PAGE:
Commercial Vehicle Insurance



Commercial Vehicle Insurance is one of the most important aspects of your business insurance program. If your company uses a vehicle, or vehicles, you will need commercial auto insurance. You will also want to provide your business insurance pro with a complete vision of your vehicles use. If it's not complete, it may not cover your needs in case of an accident.

Please analyze the following points and ask your agent these questions.

How Many Vehicles and Drivers Will the Business Insure?
(Not the Commercial Vehicle Insurance, The Business. This is so you don't insure the same thing twice.)

Commercial auto insurers very often separate coverage types based on the quantity of vehicles and drivers needing insurance. Fleet insurance is an option for businesses that will have many vehicles and drivers. The quantity of vehicles differs with each insurer and can depend on the class of your vehicle. But, fleet insurance may be a less expensive alternative than individual, per vehicle policies.

What is the Definition in the policy of Commercial Use?

Your personal automobile policy will exclude coverage for commercial use of your vehicle. Your commercial policy will establish a definition of commercial use as well. It is important that you go through the definitions and discuss this with your insurance pro. If there is any questions, it is better to obtain a Commercial Vehicle Insurance policy in case of an accident, there is no chance of being uninsured.

How Can Your Company Lower Insurance Premium Costs?

Commercial Vehicle Insurance premiums can be lowered by:

  • Business Location:
  • The location of the vehicles determines premiums for theft and vandalism.
  • Driver Records:
  • Hiring only qualified drivers with good driving records.
  • Choice of Vehicle:
  • Sales people may want sporty cars, but five-star safety rated vehicles, domestic, mid-sized sedans have a far lower premium.
  • Deductibles:
  • Can your business afford part of the risk and maintain a high deductible? If not, your premiums will be higher.
  • Safety and Anti-Theft Devices:
  • Alarms, air bags, GPS tracking, seat belts, and other such devices can significantly lower your rates.

    Special Commercial Coverages and Considerations.

    Certain businesses must adhere to federal and state regulatory standards in the operations of their vehicles. For instance, if your business will be hauling cargo interstate, there are specific Department of Transportation requirements for insurance that must be met. You will need to make sure you and your insurance agent have a thorough understanding of those requirements. If you will be delivering or transporting for other companies or using their equipment such as leased trailers and/or rental equipment, you will need hired or non-owned vehicle coverage.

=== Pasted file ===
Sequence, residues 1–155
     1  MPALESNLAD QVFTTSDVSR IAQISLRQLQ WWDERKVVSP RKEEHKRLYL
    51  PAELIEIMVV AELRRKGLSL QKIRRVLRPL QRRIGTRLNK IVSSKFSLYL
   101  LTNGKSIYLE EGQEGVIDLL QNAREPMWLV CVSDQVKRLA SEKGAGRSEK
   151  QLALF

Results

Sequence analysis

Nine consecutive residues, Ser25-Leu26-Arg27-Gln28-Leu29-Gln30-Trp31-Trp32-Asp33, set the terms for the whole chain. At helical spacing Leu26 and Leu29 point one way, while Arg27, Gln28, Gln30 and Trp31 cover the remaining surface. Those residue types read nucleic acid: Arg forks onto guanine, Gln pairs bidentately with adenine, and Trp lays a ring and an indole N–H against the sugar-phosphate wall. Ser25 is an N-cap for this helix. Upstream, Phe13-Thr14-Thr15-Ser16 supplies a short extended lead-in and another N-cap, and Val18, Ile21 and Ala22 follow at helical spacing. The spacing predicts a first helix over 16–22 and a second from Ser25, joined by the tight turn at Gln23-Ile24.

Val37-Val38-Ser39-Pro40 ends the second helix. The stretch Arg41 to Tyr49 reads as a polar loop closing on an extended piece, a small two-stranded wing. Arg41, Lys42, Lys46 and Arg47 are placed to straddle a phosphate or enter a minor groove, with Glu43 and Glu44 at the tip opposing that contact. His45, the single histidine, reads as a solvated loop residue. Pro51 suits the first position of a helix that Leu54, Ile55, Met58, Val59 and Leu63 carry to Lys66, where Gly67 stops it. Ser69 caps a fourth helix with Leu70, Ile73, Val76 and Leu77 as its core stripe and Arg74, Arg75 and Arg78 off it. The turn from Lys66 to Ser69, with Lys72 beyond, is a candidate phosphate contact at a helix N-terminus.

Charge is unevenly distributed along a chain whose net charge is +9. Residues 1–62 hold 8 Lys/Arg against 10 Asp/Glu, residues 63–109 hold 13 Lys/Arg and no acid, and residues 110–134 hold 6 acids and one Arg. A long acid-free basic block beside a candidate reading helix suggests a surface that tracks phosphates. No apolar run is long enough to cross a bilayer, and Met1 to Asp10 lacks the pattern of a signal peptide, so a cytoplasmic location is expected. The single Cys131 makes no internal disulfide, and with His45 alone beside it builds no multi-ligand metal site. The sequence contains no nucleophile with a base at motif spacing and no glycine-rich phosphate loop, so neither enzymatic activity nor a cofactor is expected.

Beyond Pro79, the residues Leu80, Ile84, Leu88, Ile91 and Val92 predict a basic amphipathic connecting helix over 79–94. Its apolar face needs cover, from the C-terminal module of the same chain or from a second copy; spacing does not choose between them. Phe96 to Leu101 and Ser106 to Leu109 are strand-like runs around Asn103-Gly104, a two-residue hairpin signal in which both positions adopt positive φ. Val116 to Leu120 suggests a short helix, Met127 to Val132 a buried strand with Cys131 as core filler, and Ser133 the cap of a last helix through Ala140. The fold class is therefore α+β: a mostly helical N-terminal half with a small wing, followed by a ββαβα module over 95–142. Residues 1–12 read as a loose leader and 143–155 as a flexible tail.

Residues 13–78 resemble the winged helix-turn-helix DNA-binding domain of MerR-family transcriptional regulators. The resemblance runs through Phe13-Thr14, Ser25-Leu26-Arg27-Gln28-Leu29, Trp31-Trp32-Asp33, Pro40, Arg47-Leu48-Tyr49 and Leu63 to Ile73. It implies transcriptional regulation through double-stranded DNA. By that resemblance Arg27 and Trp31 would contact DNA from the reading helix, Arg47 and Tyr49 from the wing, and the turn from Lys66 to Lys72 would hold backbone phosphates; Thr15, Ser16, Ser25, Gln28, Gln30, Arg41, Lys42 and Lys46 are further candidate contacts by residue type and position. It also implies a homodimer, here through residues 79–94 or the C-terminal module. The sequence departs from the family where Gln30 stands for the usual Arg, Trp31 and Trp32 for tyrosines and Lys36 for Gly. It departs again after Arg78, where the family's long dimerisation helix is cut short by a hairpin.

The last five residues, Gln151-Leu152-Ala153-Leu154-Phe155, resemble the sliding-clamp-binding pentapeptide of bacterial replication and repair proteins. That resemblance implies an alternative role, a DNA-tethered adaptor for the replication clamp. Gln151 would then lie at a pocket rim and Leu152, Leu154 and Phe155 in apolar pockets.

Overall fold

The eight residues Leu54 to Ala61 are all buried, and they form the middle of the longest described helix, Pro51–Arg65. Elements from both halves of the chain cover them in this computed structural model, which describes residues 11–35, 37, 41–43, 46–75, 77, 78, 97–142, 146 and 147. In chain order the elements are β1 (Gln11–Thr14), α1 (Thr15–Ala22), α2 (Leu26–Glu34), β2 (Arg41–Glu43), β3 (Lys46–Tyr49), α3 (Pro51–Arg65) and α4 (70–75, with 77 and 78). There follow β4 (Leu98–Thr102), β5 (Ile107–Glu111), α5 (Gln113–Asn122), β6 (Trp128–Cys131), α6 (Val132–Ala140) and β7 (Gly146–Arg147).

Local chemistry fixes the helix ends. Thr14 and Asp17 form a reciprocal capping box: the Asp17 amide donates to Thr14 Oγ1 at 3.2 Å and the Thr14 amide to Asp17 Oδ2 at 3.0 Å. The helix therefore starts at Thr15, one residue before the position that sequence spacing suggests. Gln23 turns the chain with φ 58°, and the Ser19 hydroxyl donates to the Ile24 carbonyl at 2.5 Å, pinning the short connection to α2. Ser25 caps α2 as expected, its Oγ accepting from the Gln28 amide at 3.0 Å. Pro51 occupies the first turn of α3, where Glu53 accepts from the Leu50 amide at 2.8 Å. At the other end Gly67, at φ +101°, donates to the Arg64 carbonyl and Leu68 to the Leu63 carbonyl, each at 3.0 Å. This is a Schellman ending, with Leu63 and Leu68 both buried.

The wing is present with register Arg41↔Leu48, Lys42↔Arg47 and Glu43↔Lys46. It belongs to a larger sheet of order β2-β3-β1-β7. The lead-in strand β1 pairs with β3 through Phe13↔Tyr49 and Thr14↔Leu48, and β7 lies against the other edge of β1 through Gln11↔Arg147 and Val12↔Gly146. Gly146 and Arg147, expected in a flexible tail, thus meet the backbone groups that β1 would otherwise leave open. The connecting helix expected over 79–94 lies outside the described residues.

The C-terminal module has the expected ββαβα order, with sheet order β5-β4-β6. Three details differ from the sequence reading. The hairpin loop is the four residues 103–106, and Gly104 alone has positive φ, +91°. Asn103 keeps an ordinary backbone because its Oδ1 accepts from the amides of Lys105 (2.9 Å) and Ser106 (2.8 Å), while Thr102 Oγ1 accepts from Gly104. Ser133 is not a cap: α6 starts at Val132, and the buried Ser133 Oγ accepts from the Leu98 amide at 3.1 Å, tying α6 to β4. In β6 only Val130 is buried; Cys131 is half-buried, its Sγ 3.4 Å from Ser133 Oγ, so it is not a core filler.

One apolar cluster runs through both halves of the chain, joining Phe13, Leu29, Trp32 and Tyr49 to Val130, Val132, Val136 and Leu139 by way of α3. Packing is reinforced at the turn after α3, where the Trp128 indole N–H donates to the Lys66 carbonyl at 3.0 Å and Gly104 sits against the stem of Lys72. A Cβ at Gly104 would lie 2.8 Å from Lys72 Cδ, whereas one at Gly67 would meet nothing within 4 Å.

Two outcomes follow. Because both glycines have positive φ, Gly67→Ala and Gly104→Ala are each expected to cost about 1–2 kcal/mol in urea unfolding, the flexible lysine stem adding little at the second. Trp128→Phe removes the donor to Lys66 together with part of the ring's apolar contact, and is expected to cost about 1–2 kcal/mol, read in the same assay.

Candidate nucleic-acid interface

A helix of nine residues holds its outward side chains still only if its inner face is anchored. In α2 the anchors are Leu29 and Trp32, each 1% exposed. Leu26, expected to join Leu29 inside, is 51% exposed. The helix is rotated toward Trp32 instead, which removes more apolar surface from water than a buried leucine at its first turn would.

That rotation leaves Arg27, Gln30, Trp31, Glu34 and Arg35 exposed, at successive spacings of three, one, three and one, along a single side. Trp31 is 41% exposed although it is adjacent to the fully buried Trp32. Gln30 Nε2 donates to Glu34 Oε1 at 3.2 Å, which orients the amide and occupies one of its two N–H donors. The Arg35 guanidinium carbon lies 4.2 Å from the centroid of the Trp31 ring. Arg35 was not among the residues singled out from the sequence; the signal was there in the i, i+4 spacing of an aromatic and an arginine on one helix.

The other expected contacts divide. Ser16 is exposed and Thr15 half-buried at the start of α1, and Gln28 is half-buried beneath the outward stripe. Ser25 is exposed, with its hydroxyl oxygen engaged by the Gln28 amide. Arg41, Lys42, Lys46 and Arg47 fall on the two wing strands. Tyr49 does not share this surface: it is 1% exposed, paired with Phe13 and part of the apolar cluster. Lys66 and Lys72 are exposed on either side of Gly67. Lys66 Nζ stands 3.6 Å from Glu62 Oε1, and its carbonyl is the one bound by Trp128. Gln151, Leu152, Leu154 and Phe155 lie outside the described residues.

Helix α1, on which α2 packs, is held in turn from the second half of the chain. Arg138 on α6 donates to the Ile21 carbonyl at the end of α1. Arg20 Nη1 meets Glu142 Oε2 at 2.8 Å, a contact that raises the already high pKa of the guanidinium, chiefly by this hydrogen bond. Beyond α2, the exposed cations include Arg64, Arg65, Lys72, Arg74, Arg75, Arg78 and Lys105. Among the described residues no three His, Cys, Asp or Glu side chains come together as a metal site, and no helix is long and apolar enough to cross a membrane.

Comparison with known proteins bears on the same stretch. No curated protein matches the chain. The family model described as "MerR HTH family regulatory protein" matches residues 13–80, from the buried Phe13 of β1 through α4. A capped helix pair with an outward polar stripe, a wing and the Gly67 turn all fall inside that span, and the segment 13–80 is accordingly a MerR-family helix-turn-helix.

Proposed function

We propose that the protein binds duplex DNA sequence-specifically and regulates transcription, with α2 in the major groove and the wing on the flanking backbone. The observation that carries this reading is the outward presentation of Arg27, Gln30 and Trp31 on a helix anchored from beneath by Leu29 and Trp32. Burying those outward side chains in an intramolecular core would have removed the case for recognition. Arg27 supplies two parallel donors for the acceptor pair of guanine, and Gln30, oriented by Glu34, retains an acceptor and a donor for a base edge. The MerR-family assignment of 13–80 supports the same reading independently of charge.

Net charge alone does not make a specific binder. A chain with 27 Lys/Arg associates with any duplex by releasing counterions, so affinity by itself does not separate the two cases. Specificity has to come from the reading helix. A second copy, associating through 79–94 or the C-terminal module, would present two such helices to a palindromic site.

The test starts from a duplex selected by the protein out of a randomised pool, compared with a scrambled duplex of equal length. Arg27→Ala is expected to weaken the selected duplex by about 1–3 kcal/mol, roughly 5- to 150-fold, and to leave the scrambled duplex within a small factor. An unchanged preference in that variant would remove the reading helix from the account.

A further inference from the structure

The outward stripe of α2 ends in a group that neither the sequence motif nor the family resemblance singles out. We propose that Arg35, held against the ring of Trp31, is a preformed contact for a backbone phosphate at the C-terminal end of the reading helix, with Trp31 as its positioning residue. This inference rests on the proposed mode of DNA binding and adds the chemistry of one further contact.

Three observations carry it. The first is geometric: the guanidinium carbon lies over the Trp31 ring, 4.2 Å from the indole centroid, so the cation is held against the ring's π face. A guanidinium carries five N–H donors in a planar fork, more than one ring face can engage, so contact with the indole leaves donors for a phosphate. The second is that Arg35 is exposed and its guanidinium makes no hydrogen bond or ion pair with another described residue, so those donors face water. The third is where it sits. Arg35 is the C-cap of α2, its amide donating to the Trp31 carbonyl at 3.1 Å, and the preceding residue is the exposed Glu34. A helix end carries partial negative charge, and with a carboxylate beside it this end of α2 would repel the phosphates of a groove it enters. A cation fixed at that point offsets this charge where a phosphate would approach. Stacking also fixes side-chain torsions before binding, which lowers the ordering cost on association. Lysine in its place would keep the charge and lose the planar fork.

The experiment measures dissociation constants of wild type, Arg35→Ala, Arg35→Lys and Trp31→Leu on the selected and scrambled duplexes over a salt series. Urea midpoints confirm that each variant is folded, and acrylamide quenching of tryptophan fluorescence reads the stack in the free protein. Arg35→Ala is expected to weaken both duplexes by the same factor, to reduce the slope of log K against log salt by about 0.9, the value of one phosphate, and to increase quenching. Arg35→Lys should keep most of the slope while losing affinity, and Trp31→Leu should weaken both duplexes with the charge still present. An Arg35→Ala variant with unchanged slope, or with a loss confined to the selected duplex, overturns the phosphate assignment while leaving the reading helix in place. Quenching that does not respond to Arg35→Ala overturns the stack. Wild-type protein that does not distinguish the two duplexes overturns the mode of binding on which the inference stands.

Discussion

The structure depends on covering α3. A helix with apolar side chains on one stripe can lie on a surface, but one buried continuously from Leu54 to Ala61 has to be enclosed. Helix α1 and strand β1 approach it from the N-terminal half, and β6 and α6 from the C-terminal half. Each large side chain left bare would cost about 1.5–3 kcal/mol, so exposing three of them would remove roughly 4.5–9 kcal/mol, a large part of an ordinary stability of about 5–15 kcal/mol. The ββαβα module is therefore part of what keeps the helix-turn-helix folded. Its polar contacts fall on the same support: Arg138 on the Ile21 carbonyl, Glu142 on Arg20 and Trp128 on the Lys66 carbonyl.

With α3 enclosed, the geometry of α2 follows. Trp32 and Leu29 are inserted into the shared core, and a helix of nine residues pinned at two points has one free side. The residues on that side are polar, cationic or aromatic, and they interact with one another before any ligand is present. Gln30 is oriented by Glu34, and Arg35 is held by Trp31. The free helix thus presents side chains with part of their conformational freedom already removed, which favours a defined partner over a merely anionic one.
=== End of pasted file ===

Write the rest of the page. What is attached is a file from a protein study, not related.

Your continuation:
Who is the Insured?

    Make sure you know who is insured. No guessing now! Sound simple? Perhaps, but all to often businesses set up a leasing company to lease equipment to the main company and the leasing company is the titled owner of the vehicles. A common mistake is to identify the main company and not the leasing company as the titled owner on the policy. Or, the dba of the company and not the full name of the company is listed. You want the full name of the company as an insured, the titled owner, any affiliates, and dba, and all employees as insureds on your commercial auto policy. So critical! Many have lost due to this sort of situation.

    Driving Habits That Increase Commercial Vehicle Insurance.

    Commercial auto insurance is absolutely necessary if you use a vehicle for your business. Safe drivers lower insurance premiums by lowering accident and claim rates. Unsafe practices raise rates by increasing Commercial Vehicle Insurance claims. Safe driving, thinking ahead, staying focused and not distracted are skills developed by the fleet professional. Risk managers and business insurers have studied drivers to identify key unsafe practices. Training, education, and zero-tolerance for unsafe practices lower business insurance rates. One company conducted a study of concrete and construction drivers to identify the top risky behaviors engaged in by fleet drivers that drive up accident and claims rates. I think the list is applicable to all fleets and all commercial drivers.

    Do any of your drivers do the following:

    1. Following too Closely (Slow drivers ahead, pressure them into moving out of the way) 2. Not Looking Far Ahead (most of the time due to distractions) 3. Allowing Distractions (Phones, Texting, etc.) 4. Accumulating Traffic Violations (speeding, driving reckless) 5. Failing to Keep an Out (A place of exit off the road in case of an immediate traffic stop)

    Every wonder why people have on the back of their Commercial Vehicle these words, "How Is My Driving? 1-800-***-***" It's to lower their insurance rates.

    These are the "Top 5" risky behaviors engaged in by construction drivers. The top offending traffic violations were, rolling stop signs and lights and running red lights. Following too close was the most frequent and most dangerous behavior.

    Most People believe that construction vehicles are more prone to accidents, a study found that passenger cars used in the fleets "have a collision rate (15.2%) nearly twice that of pickup trucks/vans (8.7%)." Good information and good facts to keep in mind for any fleet.

    Like other types of business insurance, Commercial Vehicle Insurance is directly tied to your claims history.

    Safe drivers = lower rates. Bottom Line!

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